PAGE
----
For Stowupland High School, the SEND unit is a two-classroom block, with two group rooms, a break-out space, accessible toilet, cleaners store, unisex WC, external spaces for each classroom including canopies, and car parking for staff.
The building’s external façade consists of black timber cladding, as well as black aluminium windows and doors, with a mono-pitched roof, both of which were chosen to ensure the new facility was in keeping with the existing school. The external landscaped areas make use of sensory planting for the SEND students, to allow for outdoor learning. Appropriate fencing and gates were also installed to ensure the area was secure for the SEND pupils.
The interior design of the new unit was carefully designed to ensure it was appropriate for the end users. This considered the sensory needs of the pupils, ensuring there were no flashing lights or exposed elements which could upset or cause harm to the children. Neutral tones were used throughout, and additional acoustic insulation was incorporated to provide a suitable learning environment for SEND pupils.
The material specification ensured that robust materials were used throughout to improve the integrity of the building and reduce the need for additional maintenance. A heating and cooling system was installed to the classrooms taking into consideration the sensory needs of the future pupils by ensuring it was specially designed to make minimal noise.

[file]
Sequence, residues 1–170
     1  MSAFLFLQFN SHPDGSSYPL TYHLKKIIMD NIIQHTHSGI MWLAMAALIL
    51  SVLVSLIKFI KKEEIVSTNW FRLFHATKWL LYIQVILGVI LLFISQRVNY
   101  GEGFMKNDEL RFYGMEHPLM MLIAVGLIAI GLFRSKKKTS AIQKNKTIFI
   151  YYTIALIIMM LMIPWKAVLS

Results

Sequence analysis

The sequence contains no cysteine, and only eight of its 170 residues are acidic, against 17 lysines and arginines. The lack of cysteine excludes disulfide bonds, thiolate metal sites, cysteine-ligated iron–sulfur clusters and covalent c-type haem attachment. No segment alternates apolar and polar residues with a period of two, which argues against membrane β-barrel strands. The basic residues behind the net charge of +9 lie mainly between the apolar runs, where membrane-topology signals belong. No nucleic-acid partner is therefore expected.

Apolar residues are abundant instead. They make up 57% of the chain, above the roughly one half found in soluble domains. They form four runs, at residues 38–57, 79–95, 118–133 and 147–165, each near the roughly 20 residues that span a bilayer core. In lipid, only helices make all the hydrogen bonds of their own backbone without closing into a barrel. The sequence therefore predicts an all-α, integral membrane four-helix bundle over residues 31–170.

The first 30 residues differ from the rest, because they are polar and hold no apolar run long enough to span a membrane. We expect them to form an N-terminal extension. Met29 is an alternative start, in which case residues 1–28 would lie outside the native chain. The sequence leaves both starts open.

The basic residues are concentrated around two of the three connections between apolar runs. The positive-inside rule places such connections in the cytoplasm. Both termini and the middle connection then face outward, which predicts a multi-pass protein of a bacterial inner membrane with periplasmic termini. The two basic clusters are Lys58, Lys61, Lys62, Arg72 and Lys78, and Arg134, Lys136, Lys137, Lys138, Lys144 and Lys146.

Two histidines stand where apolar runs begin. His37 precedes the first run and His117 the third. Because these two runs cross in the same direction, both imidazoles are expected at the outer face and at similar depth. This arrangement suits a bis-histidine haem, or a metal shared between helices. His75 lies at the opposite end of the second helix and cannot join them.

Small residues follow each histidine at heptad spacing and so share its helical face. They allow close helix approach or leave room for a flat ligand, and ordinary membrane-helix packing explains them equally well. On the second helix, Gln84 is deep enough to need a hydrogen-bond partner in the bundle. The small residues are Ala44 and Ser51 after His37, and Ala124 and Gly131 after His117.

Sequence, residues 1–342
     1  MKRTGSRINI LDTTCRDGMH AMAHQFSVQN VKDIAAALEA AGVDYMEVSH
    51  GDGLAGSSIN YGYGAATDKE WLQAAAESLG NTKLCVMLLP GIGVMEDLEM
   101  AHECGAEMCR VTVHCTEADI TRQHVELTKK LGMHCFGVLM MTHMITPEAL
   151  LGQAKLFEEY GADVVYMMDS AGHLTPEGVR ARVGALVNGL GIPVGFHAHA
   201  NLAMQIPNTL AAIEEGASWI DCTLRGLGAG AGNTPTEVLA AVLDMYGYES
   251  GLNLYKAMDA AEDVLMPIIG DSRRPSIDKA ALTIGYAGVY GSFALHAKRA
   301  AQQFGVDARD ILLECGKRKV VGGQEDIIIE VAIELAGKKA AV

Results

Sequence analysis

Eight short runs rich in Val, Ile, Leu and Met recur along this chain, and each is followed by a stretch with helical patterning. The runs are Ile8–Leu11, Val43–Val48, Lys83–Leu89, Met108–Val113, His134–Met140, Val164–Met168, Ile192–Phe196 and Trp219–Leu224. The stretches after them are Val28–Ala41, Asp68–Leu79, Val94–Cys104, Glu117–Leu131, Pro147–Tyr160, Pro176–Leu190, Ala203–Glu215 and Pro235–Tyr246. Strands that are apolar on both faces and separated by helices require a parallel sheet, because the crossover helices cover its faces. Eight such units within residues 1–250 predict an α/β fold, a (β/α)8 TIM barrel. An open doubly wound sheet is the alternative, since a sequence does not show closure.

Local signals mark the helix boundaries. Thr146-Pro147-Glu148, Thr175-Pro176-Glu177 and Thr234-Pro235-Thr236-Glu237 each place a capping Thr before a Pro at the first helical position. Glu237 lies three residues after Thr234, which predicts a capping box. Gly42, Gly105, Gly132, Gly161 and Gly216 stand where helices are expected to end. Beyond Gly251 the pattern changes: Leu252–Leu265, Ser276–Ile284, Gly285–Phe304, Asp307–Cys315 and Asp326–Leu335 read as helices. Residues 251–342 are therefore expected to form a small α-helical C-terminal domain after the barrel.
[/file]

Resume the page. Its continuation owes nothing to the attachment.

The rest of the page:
Throughout the programme some challenges were faced as a result of long lead times due to the impact of the Covid-19 pandemic and Brexit. The team remained in constant contact with the client, contractors, and suppliers to find solutions where possible and ensure all were kept appropriately informed throughout. This helped ensure that the impact to the programme was mitigated as far as possible. This resulted in finding alternative materials of similar costs to ensure we could still meet the client’s deliverables. The programme faced some delays in the early stages of the project because of delays with the planning process, which impacted the completion date of the programme. To alleviate this delay, the team worked closely with the client to find alternative provision for pupils for the start of the school term so that learning would not be affected.
The works were carried out on a live school site. Therefore, it was vital to make sure the project was effectively co-ordinated to prevent any impact to the day-to-day activity of the school and keep staff and pupils safe throughout. The project manager liaised between the contractor and client throughout, holding regular progress meetings so any issues could be communicated and actioned appropriately. The high school remained in full operation throughout the works, ensuring there was no impact to the students’ learning.